b. Sexual misconduct that involves: …i. Deliberate touching of another’s sexual parts without consent; …ii. Deliberate sexual invasion of another without consent; …iii. Deliberate constraint or incapacitation of another, without that person’s knowledge or consent, so as to put another at substantially increased risk of sexual injury; or …iv. Unwelcome sexual advances, requests for sexual favors, or other verbal or physical conduct of a sexual nature that expressly or implicitly imposes conditions upon, threatens, interferes with, or creates an intimidating, hostile, or demeaning environment for an individual’s (I) academic pursuits, (II) College employment, (III) participation in activities sponsored by the College or organizations or groups related to the College, or (IV) opportunities to benefit from other aspects of College life.

c. Harassment or intimidation that abuses, disparages, or otherwise interferes with another so as to adversely affect their academic pursuits, opportunities for College employment, participation in College-sponsored extracurricular activities, or opportunities to benefit from other aspects of College life.

d. Threats that involve violation of restraining orders or no-contact orders imposed by government or campus authorities, stalking, or other activities that create a reasonable apprehension of physical or emotional harm to an individual following a request or order to desist.

e. Discrimination on the basis of race, ethnicity, national origin, religion, creed, sexual orientation, gender expression, age, or disability that impairs or may impair an individual’s College working conditions, privileges or opportunities for College employment, educational opportunities, participation in College-sponsored extracurricular activities, or opportunities to benefit from other aspects of College life.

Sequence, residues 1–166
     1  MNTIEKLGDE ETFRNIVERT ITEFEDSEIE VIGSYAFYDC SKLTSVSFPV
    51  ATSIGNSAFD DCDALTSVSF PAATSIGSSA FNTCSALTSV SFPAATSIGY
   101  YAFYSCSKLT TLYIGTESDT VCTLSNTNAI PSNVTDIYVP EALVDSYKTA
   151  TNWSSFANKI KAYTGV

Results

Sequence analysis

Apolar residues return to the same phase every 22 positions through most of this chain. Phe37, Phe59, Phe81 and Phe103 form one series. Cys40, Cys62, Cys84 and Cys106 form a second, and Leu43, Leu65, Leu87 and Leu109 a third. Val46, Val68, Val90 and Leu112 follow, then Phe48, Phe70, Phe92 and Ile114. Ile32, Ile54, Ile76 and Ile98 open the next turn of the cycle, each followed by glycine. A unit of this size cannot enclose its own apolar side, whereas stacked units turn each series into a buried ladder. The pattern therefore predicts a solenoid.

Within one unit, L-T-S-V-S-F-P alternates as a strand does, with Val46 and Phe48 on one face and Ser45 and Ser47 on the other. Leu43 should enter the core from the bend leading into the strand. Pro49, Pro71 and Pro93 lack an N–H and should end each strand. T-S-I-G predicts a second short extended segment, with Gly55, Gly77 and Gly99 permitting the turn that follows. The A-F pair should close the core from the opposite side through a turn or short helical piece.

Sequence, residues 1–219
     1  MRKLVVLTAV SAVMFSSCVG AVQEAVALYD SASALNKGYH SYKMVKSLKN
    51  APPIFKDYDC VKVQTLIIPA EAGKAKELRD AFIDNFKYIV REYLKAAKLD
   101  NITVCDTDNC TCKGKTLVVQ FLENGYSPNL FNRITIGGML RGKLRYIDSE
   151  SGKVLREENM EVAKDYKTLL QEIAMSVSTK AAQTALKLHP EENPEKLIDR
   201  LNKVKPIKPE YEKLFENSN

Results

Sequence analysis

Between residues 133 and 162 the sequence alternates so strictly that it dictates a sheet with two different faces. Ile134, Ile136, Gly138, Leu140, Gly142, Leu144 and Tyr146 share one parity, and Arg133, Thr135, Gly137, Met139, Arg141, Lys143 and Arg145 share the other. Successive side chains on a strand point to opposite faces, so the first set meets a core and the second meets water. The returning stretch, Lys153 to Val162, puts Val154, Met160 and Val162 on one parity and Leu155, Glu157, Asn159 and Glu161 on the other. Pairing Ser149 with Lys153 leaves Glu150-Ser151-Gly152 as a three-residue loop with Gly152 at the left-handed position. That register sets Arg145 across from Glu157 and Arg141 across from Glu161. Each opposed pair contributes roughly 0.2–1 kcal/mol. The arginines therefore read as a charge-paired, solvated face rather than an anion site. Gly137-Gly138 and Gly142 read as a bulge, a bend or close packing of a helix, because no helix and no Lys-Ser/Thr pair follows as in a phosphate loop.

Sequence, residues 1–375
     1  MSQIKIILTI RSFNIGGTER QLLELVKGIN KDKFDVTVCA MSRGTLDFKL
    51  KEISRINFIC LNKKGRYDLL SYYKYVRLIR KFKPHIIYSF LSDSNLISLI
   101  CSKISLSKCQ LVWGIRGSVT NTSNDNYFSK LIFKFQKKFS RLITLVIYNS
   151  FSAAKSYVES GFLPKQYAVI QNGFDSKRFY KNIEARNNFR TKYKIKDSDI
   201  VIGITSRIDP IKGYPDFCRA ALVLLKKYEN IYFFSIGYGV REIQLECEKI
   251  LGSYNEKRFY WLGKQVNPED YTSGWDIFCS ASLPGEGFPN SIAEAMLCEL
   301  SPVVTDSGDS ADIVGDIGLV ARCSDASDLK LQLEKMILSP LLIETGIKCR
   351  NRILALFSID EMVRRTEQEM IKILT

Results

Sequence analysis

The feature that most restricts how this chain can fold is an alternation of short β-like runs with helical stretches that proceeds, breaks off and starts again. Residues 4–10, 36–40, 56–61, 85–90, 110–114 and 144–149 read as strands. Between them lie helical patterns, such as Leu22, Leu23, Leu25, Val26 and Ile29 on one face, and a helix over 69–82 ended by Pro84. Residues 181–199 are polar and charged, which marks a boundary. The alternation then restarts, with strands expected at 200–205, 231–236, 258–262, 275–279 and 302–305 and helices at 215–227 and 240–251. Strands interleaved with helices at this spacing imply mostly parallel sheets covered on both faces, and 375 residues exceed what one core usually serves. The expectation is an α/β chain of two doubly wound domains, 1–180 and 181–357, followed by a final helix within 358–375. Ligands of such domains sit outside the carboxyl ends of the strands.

f. Hazing that causes or permits an individual, with or without consent, to engage in activities that subject that individual or others to risks of physical injury, mental distress, or personal indignities of a highly offensive nature, in connection with recruitment, initiation, or continued membership in a society, fraternity or sorority, club, or similar organized group, whether or not recognized by the College.

g. Possessing or carrying any weapon or dangerous substance, whether openly or concealed, unless expressly authorized by College policies.

h. Operating a motor vehicle:

I. while impaired by alcohol, drugs, or other substances, and/or

II. in a reckless manner so as to create a significant threat to members of the College community.

i. Engaging in recklessly dangerous, disorderly or obscene conduct affecting College interests, students or other personnel.

j. Illegally possessing, manufacturing, selling, or delivering a controlled substance as defined by state or federal law or applicable policies of the Board of Trustees or Board of Governors.

k. Engaging in violent, forceful, threatening, intimidating, or disruptive conduct, or inciting others to engage in such individual or collective conduct, that willfully disrupts any normal operation, function, or activity of the College or any of its organizations, personnel, or guests.